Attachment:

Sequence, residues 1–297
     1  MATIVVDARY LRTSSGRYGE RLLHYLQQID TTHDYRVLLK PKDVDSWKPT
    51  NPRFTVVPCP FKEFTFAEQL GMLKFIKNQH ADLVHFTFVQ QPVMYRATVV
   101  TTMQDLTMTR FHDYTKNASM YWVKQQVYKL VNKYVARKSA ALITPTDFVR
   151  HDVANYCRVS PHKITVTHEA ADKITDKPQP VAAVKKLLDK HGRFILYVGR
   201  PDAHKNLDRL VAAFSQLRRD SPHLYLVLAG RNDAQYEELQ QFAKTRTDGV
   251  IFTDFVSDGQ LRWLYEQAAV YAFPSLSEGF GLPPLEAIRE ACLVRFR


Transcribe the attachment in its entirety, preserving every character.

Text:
Sequence, residues 1–297
     1  MATIVVDARY LRTSSGRYGE RLLHYLQQID TTHDYRVLLK PKDVDSWKPT
    51  NPRFTVVPCP FKEFTFAEQL GMLKFIKNQH ADLVHFTFVQ QPVMYRATVV
   101  TTMQDLTMTR FHDYTKNASM YWVKQQVYKL VNKYVARKSA ALITPTDFVR
   151  HDVANYCRVS PHKITVTHEA ADKITDKPQP VAAVKKLLDK HGRFILYVGR
   201  PDAHKNLDRL VAAFSQLRRD SPHLYLVLAG RNDAQYEELQ QFAKTRTDGV
   251  IFTDFVSDGQ LRWLYEQAAV YAFPSLSEGF GLPPLEAIRE ACLVRFR